Portfolio Tips

Tim Hodge (former Disney artist and an Executive Producer on 3-2-1 Penguins!) recently posted some great tips on assembling your portfolio:

Portfolio Submissions

If you are an art student, job hunting, or just trying to break into commercial art or animation, this is some great stuff to know when interviewing for a position. Since Hodge’s background is in the animation industry, his advice is geared towards landing a job in that field. However, much of what he says can also apply to the fields of illustration or graphic design.

Yes, even if you freelance.

The internet is the new and improved way for a freelancer to show off his/her work, but that doesn’t mean the old-school physical portfolio is entirely obsolete. While a website will do the lion’s share of your self-promotion, there will still be times when you have to present your portfolio to potential clients face-to-face. Especially local clients. In the last month I’ve actually shown my book twice: Once at the Hasbro freelance fair where it was thumbed through by several dozen people, and just last week when an art director at a local ad agency asked me to come in and show my work to his creative team as a sort of pseudo-interview.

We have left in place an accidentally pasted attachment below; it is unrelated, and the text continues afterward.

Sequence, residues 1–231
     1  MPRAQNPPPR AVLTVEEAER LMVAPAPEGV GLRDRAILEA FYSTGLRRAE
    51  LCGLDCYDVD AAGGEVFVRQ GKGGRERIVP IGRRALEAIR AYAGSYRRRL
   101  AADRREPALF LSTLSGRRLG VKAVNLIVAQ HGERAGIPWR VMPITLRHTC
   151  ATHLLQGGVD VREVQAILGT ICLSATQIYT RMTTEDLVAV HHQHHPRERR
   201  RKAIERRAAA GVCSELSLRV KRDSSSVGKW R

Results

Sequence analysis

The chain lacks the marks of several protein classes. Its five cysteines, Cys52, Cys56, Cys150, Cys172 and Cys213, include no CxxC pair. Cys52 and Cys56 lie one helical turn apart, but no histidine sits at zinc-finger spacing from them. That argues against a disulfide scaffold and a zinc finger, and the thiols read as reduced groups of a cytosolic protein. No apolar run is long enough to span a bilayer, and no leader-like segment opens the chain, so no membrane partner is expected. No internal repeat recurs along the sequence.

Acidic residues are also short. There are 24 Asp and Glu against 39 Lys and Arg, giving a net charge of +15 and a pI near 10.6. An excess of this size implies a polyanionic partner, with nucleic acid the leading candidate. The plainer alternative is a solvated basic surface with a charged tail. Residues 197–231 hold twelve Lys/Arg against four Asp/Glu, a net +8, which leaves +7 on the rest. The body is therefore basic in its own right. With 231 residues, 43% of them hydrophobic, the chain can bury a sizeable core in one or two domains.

And of course, if you are interviewing for a full-time position you will almost certainly need to carry a portfolio with you to interviews. If so, be sure to heed Hodge’s advice.


2 thoughts on “Portfolio Tips

  1. Thanx for the plug, Cedric!
    I most certainly agree with you. Your advice is great addition to mine. Of course, I was speaking mainly to new art school grads looking for work (and full time work, at that).
    Speaking as someone who has hired freelancers, I think a balance of portfolio to website work is a good idea. I get names from friends and other personal recommendations. And it’s easier to check out a website first before I make a call. A certain amount of getting a job is, in fact, who you know. But I always keep an eye out for a new talent. Always be prepared to drop your name to a potential new client.
    But above everything, the best thing to have is great work. (That’s how Cedric stays so busy!)

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